And so, at an age way too early to do so, I decided that I wanted to remain one of the little people. Instead of putting all my efforts into one of mankind’s greatest movements, I wanted to focus on the people around me. I knew that it was unrealistic to think that someone like me could change the world without majorly fucking it up (I know this might be my lack of self-esteem talking, but bear with me), but I did know that it was possible to improve the experience of life for one person. I can at least change that person’s world for the better.
So what does this have to do with my death? As I told my brother that afternoon, I’ve always thought that there wouldn’t be a lot of people crying at my funeral. There wouldn’t be so many souls distraught enough to break down in tears. I… just don’t see myself as that significant of a person. Let’s face it – most people I know (at least in my childhood to teenage years) think that I’m some selfish prick who’s way too deep inside his head to be worth shedding tears over. I’ve never been the charming one, or the funny one (not too many people share my sense of humor), or the one fawned over by legions of classmates and co-workers (that would be my brother). What I’m not is the guy you’re just plain happy to see. I’m not the one people call out to the moment he walks into the room (again, that would be my brother).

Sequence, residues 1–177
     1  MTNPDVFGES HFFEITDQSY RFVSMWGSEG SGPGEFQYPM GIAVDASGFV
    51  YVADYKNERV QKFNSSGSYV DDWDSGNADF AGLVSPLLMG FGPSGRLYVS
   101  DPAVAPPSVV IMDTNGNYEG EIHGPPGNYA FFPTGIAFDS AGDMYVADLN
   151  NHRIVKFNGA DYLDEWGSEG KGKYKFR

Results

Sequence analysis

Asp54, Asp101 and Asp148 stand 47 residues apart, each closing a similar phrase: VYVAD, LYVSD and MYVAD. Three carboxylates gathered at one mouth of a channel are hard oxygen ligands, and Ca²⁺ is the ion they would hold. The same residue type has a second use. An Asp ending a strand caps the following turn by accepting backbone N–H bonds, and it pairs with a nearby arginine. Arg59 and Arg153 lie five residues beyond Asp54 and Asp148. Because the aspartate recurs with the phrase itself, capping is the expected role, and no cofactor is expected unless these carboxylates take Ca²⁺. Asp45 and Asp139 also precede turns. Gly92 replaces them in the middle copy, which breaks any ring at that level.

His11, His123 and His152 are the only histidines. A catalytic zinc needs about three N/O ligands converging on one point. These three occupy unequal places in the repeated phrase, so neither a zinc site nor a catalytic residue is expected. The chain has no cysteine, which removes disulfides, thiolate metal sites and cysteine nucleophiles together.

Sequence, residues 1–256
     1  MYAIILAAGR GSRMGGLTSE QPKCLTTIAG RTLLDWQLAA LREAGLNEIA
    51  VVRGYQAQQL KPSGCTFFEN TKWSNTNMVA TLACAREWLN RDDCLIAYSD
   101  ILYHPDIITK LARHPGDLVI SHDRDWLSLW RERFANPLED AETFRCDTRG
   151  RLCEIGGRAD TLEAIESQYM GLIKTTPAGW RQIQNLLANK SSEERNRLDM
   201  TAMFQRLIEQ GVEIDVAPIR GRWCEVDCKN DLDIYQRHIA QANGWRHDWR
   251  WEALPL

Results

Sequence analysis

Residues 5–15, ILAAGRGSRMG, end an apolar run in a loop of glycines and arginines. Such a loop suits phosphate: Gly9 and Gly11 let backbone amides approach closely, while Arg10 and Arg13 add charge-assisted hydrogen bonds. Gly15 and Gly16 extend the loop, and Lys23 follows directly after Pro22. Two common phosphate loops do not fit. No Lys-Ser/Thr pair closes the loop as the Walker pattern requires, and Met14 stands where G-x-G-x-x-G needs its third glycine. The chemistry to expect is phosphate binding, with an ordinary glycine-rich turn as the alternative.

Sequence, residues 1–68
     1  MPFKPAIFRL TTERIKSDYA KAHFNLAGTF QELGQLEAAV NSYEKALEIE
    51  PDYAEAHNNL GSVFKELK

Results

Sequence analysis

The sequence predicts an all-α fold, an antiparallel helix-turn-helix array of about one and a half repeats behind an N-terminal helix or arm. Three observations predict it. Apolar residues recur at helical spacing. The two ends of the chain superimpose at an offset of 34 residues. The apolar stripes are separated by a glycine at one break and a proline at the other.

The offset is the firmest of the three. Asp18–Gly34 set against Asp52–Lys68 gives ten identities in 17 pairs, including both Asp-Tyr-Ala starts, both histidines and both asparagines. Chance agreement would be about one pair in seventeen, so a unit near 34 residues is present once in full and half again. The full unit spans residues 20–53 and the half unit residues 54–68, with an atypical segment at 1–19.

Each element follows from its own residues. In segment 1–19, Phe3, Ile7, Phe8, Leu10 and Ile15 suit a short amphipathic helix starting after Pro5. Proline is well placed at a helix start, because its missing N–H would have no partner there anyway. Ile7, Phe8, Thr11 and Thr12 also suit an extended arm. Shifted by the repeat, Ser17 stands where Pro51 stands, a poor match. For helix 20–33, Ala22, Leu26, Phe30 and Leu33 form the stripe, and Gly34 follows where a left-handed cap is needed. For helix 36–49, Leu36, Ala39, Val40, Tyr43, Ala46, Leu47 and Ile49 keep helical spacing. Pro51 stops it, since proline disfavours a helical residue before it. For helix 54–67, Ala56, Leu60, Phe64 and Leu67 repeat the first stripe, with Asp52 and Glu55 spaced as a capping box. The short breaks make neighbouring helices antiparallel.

Which is why I suspect that if I ever become a disembodied spirit and have a chance to eavesdrop on my own funeral, I’ll be hearing a bunch of things I wouldn’t like. For one thing, I’m pretty sure my mother will utter the word “sayang” when talking about me. “Marco was such a smart boy. It’s too bad he never went to med school.” I also know that my mother isn’t the only one who would think so. Others would just mourn the fact that I was gone, and nothing else. I’m not going to be terribly missed by those people because A) They never really got to know the real me; and B) I just wasn’t that likeable. If that’s the case, then I’d have lived a sad experience and probably deserved to die. Maybe that’s why I’ve always envisioned myself getting run over – at least the tragedy would magnify the impact of my passing and give people something to talk about.
All that, though, would be fine with me if there was someone out there I’d be sure was thankful that they met me; that I made a positive enough imprint on them that their life was actually better for having known me. I want to at least know that there will be at least one person out there who will both shed tears and smile at my funeral. At least then, there’d be substantial evidence that I was loved.
Of course, I know now that there will be a few people like that at my funeral. I know that several people will mourn the loss of someone they truly loved. I know I should be satisfied, but I’m not. I’m young. I can still make a positive imprint on other people’s lives, so why stop now? Why not keep spreading the love, little by little, person by person, until the day you just can’t? I may never become significant for my achievements, but I can make myself significant to other people by loving them.
And so we have the current meaning of my life – to make a positive imprint on the lives of the people I love. No need for grandiose movements, nor for the adulation of masses; I just want to live my life the best I can, by making the lives of those I care about better.
I think that’s worth being open about.
Oh, and about the title – my brother’s reaction to the Sunday talk: “Why are you having a midlife crisis now?”